So if there was ever a clear example of why you need to be careful what you say to kids this has to be it. I was washing my truck with my nephew, and he turns to me and says:
Nephew: “This must be so traumatic for you!”
Me: “What? Why?”
Nephew: “Because you lost your other 12 brothers in the great squirt gun wars when they started using pressure washers.”
Me: “Your weird. How did you come up with that?”
Nephew: “You told me. Last summer. When we were pressure washing the deck.”
I know he did not think I used to have a bunch more brothers – but wow. I definitely need to watch what I tell him.
Filling out some forms for Finnish taxes, in pen, I caught myself just in time before listing my occupation as “Enginerd”. Apparently I really need to stop telling people that is what I am when they ask what I do.
Showing someone a design I came up with today I got the best of all compliments for an engineer:
I am paraphrasing but conversation went something like this:
“So you don’t think it will work?”
“No, it will work, and we should definitely do it, but its just weird!”
And ladies and gentlemen, thats how you compliment an engineer.
I woke up this morning to the following email from my dad.
You said, ‘if you are going to drink whiskey, drink the best you can afford.” So, thank you. I am drinking the best you can afford.
And that is what happens when your dad gets access to your liquor cabinet and you are on the other side of the planet and can not stop the inevitable. It took him 25 years, but his revenge for my teenage raids on his alcohol supply was both thorough and proportionate. Well-played dad.
Working on a particularly nasty engineering problem with a co-worker – I slipped up and swore at the office. I immediately apologized, which brought about a round of confusion followed by a really interesting conversation.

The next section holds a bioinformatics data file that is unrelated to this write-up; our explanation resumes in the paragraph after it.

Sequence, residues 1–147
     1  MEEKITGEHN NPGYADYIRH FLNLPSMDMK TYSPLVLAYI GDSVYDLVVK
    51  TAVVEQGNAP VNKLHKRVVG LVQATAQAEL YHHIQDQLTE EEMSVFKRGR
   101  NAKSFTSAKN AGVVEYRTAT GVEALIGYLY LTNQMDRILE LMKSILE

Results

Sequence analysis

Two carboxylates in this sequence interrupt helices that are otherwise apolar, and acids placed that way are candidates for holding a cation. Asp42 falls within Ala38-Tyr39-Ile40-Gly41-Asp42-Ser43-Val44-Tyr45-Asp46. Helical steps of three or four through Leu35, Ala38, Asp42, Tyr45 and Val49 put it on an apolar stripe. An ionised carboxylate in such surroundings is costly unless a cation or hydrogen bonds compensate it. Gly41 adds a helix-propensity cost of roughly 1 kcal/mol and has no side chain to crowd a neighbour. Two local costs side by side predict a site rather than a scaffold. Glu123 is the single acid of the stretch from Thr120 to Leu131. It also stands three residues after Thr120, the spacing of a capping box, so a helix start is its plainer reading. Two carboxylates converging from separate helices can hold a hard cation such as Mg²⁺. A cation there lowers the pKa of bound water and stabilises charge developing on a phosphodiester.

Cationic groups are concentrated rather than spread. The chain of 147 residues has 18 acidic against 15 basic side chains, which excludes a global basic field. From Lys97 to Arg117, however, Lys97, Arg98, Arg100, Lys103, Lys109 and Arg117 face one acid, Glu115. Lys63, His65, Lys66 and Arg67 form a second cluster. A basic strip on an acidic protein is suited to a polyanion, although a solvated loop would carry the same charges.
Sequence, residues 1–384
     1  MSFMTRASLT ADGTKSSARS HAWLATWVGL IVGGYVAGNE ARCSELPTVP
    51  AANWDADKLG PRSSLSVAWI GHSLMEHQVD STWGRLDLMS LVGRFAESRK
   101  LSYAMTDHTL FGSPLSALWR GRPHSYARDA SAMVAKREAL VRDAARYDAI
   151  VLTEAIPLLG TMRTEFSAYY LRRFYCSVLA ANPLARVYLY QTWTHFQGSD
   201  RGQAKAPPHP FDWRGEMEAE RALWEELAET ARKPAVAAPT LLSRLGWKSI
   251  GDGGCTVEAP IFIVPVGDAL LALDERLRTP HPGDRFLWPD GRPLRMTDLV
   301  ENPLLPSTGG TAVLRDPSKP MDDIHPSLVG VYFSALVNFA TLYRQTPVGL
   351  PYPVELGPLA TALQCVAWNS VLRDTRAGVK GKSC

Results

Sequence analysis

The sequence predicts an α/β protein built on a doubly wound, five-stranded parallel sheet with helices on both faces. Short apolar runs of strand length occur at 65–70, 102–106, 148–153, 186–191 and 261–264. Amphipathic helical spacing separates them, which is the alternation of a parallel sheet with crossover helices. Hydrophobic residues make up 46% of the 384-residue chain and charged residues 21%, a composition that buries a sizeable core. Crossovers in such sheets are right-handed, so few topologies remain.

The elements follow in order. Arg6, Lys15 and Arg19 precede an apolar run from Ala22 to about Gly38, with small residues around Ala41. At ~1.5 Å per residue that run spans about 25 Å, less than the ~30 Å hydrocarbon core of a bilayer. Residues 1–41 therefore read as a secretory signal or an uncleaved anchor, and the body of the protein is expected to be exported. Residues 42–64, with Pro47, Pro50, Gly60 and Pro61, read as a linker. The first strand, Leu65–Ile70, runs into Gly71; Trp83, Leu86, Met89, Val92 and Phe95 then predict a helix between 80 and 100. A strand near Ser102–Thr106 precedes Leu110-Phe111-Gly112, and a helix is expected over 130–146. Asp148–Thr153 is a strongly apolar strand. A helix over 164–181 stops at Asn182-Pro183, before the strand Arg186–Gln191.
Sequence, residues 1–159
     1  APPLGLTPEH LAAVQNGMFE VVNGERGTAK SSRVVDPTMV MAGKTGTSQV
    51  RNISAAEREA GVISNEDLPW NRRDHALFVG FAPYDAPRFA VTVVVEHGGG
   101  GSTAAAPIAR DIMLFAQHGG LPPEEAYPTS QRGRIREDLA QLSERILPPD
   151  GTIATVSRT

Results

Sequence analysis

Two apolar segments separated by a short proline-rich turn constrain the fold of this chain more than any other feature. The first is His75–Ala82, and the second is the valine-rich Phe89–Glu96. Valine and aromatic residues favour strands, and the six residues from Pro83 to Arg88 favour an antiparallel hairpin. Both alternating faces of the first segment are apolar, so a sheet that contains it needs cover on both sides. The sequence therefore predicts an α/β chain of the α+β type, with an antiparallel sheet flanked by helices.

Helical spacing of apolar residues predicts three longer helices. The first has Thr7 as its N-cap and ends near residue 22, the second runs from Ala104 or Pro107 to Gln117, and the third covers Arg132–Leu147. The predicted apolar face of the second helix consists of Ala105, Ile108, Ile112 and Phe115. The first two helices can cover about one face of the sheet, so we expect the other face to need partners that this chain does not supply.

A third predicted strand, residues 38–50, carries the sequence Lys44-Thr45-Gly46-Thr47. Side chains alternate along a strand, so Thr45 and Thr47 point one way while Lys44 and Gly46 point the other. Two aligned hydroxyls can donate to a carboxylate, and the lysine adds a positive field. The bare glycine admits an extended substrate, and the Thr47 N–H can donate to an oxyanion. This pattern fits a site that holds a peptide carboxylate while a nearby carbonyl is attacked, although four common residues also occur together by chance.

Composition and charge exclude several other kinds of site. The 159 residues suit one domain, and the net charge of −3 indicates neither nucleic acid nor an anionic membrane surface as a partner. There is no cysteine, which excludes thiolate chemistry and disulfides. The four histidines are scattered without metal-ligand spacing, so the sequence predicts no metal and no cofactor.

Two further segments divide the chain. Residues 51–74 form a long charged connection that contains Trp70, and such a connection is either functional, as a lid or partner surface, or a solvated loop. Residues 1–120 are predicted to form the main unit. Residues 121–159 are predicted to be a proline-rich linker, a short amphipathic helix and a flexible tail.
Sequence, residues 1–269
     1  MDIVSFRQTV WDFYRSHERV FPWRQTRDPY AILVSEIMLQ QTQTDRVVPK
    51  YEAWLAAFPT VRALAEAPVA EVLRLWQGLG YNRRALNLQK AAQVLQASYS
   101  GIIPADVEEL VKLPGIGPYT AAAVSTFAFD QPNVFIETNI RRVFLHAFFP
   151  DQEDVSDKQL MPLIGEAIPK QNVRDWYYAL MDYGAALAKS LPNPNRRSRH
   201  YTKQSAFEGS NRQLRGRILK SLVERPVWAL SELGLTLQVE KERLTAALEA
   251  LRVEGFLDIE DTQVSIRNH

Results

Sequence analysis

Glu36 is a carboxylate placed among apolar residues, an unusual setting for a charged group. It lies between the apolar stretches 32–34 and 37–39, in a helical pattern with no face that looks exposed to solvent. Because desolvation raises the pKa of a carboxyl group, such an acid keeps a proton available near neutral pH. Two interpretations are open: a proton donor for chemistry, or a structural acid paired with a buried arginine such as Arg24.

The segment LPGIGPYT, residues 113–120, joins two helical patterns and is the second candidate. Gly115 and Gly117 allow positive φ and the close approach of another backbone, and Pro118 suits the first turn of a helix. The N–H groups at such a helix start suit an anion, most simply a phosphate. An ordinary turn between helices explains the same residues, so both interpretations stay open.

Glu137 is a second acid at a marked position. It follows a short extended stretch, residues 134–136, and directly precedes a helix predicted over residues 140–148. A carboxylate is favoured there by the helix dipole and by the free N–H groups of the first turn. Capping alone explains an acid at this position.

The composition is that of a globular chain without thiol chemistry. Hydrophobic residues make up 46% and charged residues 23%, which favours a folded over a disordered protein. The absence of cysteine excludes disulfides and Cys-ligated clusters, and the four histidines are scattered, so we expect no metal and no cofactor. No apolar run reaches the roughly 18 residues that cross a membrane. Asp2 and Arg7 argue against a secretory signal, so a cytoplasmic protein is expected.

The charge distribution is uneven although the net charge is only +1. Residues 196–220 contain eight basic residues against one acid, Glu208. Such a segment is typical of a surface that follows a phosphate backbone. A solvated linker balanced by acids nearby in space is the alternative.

I am working over seas and so although he is fluent, the co-workers in question has english as his second or third language. He maid an interesting observation, that for non native speakers swearing gets used in english language popular media so much that it just seems part of the language. There are no levels or apparent filters. So while he understands that we don’t all walk around dropping f-bombs like in the movies or on TV, its totally unclear what the cultural contexts around swearing is. So it is just seen as any other part of the language. Which is kind of fascinating given the range of feelings and social constructs that exist around swearing back home.
My apartment came with this clever drying rack that unfolds to a hold a surprising amount of clothes to dry over night, then folds back up into almost no space for storage.
Seattle is so damp that hanging your clothes outside to dry is sort of a gamble at the best of times. So I have not hang dried my clothes in years. I might have to get one of these drying racks for home though – they do a really good job and it leaves the fabric feeling starched.
And yes, I only brought packed black tee shirts and jeans on this trip. It was an accident.
I don’t care what advances gay rights or gay culture may have made in the states – we just can’t touch the Finns. I was doing some shopping, puzzling over labels on coffee – when I looked up and saw this bag of coffee.
I found out later that Tom of Finland was apparently a really important gay rights activist in Finland, and an artist. So as part of the 100 year celebration of the founding of Finland (in 1917), some of his art was being displayed on products here.
I was disappointed when I went back to get a few bags of this coffee to send home to a friends. They had sold out of that cover, and the new art was not anywhere near as good.
You can tell Helsinki is a port city. Like I said in earlier posts, they have a lot of beautiful detail in their older buildings. The oldest have a lot of tiny nautical themed details. For fairly typical example there are what appear to be a pair of salmon on the moldings of the windows at the office.
My favorite so far though is this building that has barnacles under the eves. Its so subtle that from a distance it just looks like a turbulent pattern of bumps.
Then when you look closer you can see it is incredibly detailed. Someone had a lot of fun with this, and it was done long enough ago to have been a hell of a lot of work.